Slumping Baton Rouge airport IDs No. 1 priority as master planning is set to begin
August 12, 2015
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  • The Baton Rouge Metropolitan Airport has seen several non-aviation businesses, including a Coca-Cola bottling plant and a car dealership, sprout up on its land over the past several years.

    Airport leaders now want to ensure that businesses leasing the land surrounding the airport will continue to prosper and try to attract more economic drivers to the area over the next decade. Those results would mean that the state’s second-largest airport — which has seen decreasing flights over recent years — can continue to operate without asking for tax dollars, they say.

    Business developments are at the top of airport officials’ lists of what needs to be monitored and improved as the airport now enters a new master planning period. The Metro Council will vote this week on a $922,171 proposal for airport consulting firm Kutchins and Groh to create an updated master plan.

    The Federal Aviation Administration will pay 90 percent of the master plan’s cost and the state Department of Transportation and Development will cover the remaining 10 percent.

    Baton Rouge airport officials call the hub of new nearby businesses an “aviation business park.” Among its tenants are Coca-Cola Bottling Company, All Star Chevrolet North on Plank Road, and ABC Auction Broadcasting LLC on Blount Road.

    “We’ve got to make sure we’re getting the highest and best use for the property that we have,” said Metro Councilman and Airport Commissioner Trae Welch. “We can say, ‘this is what we envision this land use to be, this is what will help your business be able to be a part of these other businesses.’ ”

    There are 640 undeveloped acres on the north side of the airport that will be the target of the study, Welch said. He is particularly interested in any economic development that brings significant jobs to the area, like manufacturing.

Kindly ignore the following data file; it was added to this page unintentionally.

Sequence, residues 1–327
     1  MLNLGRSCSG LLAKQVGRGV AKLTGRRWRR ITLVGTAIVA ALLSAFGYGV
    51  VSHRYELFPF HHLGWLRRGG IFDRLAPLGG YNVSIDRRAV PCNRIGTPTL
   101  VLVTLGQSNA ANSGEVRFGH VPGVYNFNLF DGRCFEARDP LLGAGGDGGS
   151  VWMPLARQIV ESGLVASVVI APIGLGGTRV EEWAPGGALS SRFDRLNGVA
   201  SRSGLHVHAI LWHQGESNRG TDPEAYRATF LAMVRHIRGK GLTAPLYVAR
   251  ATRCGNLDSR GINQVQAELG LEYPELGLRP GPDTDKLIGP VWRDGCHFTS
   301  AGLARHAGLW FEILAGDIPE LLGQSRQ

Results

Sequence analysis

Airport Marketing and Air Service Development Manager Jim Caldwell said finding businesses to lease airport land is a critical way that the airport brings in money. As many airports across the nation see volatility with airlines and how many flights they will offer, Caldwell said scouting businesses to sign long-term leases is a way to diversify revenue.

    As an indicator of how much has changed since the airport’s last master plan in 2007, the old plan did not make any business-related recommendations. Instead, it focused on the airport improving many facilities with construction projects.

    The airport has followed through on all seven of the recommendations, although it modified a few.

    The changes most visible to customers were expanding security check-in space and adding more public parking. The airport enlarged its rotunda near the security check-in, and built a rental car parking garage to free up spaces rental cars were occupying in the public parking garage.

    The airport also made several behind-the-scenes changes that were recommended in the 2007 master plan. They included extending a runway, building more air cargo facilities, acquiring property for future expansions, constructing more general aviation hangars and relocating a runway threshold.

    Caldwell said the new master plan will take into account more than just the airport’s business ventures. Welch said the airport already prides itself on being user-friendly, but it can always find more ways to make passengers feel like the airport is advocating on their behalf.

    “It’s a big economic engine in the community, it has a significant economic impact for the region,” Caldwell said.